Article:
Friday, 16 October 2015

I am constantly in awe of the number of new films released each week. It's almost like an assembly line, and it's not possible to see them all (well, maybe it is if one chooses to forgo doing other things in one's life!) Sometimes I only manage to catch films a little while after they have released, but if I think they are worth seeing, I'll try to report in on them anyway!

The Walk 

Director: Robert Zemeckis
Length: 123 mins

In 1974, shortly after the Twin Towers of the ill-fated World Trade Centre were completed, a French high-wire walker named Philippe Petit decided to string his cable between them and walk above New York, about 102 storeys up! The daring tale was told in a 2008 documentary, Man on Wire, but this time it comes as a feature film, starring Joseph Gordon Levitt, who narrates in a cheesy French accent how he and his band of accomplices went about performing the illegal, daring and thrilling walk, which he refers to as "the Coup". If you loathe heights, you may be disturbed by this film, especially as it is in stunning and ultra-realistic 3D. I found it entertaining, thrilling, magnificently shot, and ultimately a wonderful homage to the enterprising spirit of daredevils, the city of New York, and the towers themselves. 

Well worth a look!

For a full review from Bernard Hemingway:


Director: Justin Kurzel
Length: 123 mins

I'm a Shakespeare klutz! Apart from Romeo and Juliet, I don't think there has ever been a play by the bard which I have felt I really understood. Hence, having me report in on Macbeth is a tad dodgy, but I have to say this is a strong and in-your-face film with top-shelf performances by Michael Fassbender as the ambitious usurper, and Marion Cotillard as his pushy wife. Production design and cinematography are both strong, with the bleakness of the Scottish landscape dominating all.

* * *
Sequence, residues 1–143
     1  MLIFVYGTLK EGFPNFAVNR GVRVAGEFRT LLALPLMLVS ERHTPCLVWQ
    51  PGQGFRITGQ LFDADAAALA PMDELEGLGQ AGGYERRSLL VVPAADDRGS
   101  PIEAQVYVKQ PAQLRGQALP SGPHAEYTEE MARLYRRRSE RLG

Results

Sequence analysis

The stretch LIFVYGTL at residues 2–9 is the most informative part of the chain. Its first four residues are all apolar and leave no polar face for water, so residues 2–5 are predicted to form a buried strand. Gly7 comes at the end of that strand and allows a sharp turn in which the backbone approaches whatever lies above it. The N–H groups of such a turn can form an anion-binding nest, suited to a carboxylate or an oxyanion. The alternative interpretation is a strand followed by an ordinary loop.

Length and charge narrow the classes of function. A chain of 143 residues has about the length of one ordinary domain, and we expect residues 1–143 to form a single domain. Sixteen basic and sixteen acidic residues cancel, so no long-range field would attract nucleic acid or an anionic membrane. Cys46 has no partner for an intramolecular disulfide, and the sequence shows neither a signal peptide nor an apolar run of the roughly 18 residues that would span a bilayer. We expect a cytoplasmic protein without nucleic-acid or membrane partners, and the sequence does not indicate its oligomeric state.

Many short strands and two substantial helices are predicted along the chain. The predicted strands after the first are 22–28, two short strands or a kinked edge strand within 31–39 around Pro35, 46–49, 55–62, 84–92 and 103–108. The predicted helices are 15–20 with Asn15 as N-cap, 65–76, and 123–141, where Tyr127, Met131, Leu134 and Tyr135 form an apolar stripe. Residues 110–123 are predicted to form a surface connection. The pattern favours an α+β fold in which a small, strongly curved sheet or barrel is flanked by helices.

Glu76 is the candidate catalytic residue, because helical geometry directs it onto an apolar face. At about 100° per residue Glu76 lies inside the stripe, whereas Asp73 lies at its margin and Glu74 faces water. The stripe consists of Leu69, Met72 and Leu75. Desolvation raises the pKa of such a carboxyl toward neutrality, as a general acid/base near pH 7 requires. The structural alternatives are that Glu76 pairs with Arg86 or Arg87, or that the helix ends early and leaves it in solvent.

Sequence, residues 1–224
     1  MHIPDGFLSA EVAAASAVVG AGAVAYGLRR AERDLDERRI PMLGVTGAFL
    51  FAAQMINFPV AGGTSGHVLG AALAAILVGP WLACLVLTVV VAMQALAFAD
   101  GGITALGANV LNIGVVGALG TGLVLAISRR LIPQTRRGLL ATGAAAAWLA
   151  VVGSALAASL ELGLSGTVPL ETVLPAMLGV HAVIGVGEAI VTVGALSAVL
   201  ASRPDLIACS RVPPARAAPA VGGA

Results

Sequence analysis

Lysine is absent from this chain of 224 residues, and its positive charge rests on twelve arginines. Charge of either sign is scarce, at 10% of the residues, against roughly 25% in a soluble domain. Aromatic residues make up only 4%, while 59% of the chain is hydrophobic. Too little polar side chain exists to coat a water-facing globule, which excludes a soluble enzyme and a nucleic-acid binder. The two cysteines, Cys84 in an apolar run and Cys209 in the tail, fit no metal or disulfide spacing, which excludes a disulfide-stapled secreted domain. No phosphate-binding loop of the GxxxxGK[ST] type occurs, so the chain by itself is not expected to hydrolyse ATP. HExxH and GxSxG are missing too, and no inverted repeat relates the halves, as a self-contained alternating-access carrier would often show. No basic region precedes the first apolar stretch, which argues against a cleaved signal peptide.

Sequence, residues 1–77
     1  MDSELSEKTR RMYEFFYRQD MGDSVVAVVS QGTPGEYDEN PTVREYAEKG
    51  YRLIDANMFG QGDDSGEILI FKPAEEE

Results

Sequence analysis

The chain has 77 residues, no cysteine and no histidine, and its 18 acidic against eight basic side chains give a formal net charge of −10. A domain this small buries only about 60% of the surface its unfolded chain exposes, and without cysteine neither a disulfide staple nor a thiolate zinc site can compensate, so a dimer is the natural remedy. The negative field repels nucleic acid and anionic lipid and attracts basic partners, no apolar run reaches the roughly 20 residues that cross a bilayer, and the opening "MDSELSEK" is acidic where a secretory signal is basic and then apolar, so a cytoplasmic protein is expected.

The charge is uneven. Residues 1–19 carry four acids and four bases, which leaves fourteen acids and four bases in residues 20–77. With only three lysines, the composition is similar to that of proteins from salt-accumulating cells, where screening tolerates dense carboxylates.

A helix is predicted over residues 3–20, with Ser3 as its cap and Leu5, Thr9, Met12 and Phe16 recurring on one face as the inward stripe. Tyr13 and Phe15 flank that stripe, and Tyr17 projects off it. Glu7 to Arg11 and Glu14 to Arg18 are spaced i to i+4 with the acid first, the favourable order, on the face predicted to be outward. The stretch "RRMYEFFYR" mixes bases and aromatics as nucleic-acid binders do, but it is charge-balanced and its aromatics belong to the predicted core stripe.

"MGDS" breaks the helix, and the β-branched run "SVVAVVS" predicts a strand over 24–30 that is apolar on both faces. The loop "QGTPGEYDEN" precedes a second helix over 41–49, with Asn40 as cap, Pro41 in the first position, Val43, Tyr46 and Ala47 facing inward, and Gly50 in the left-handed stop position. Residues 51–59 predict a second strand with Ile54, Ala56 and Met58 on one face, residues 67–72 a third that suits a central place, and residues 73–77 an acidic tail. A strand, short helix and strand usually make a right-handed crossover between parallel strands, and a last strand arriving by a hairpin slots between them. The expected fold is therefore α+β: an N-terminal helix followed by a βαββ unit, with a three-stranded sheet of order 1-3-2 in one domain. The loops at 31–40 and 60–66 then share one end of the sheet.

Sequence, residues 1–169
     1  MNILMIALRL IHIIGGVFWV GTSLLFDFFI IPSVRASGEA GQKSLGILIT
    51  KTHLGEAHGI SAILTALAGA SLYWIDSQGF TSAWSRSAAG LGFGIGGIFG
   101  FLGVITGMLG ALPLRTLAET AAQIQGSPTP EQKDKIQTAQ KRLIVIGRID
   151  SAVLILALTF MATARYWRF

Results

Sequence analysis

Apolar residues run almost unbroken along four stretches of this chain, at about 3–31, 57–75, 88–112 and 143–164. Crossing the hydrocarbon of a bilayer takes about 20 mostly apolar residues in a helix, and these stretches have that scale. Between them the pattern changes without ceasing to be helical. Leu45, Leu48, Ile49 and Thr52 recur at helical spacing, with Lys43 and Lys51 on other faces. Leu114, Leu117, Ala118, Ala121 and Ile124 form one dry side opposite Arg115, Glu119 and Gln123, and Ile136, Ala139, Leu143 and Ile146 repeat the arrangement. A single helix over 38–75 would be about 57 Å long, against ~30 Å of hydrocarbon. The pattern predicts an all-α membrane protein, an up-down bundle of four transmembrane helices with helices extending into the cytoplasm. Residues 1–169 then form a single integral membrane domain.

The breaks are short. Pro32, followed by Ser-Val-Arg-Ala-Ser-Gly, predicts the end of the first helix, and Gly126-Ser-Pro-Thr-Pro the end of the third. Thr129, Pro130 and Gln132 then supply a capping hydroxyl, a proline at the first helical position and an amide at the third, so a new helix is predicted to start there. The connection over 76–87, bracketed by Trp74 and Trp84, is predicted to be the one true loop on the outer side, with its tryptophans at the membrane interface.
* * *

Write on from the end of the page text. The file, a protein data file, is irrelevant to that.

Purists be warned - apparently the text is not totally true to the original. And squeamish souls also beware - the first part of the film is devoted to Macbeth's prowess on the battlefield, with its attendant extreme blood and gore, and towards the end there are also some highly disturbing and cruel scenes.      

Well worth a look!

For a full review from Chris Thompson:
For some enlightening and educational notes go to the SBS cheat sheet.

Crimson Peak

Director: Guillermo del Toro
Length: 119 mins

Edith (Mia Wasikowska), the feisty daughter of a wealthy American businessman, falls head over heels for a mysterious Englishman, Thomas Sharpe, (Tom Hiddleston), who whisks her away to his gloomy crumbling mansion which he shares with his mysterious and menacing sister Lucille (Jessica Chastain). 
Gothic horror is not everyone's cup of tea, but del Toro totally nails the look of it in this archetypal haunted house tale. I say look, because it really is a case of style over substance - costumes and sets are lavish, the ghostly visitations (though not super scary) are graphic, and there are all manner of classic horror moments from creaking doors, to crimson oozing mud flecking the snow. But plot wise, there is much we are asked to believe that I simply couldn't accept. The chemistry between Edith and Thomas is well handled, but there are some rather brutally violent moments that seem gratuitously included for shock value, and overall the plot and character development are simply not up to the superb quality of the film's production design. 

Maybe worth a look!

For a full review from Chris Thompson:


Director: Anupam Sharma
Length: 102 mins

I'm pleasantly surprised by this cross-cultural love story in which gorgeous independent single mum Meera (Tannishtha Chatterjee) falls for English teacher Will (Brett Lee - test cricketer who proves a light-weight but charming screen presence). She's from an Indian heritage; he's Aussie through and through. Of course her parents are horrified and want to make an arranged match. There's plenty of good-natured fun poked at Indian customs, but never offensively. Acting is strong, Will's teaching of Aussie-style English to migrants makes for good laughs, and all the support cast have their own individual charm. It's not Bollywood, but there are a couple of moments where the director sneaks a colorful dance or two in.   

Worth a look!

For my full review:


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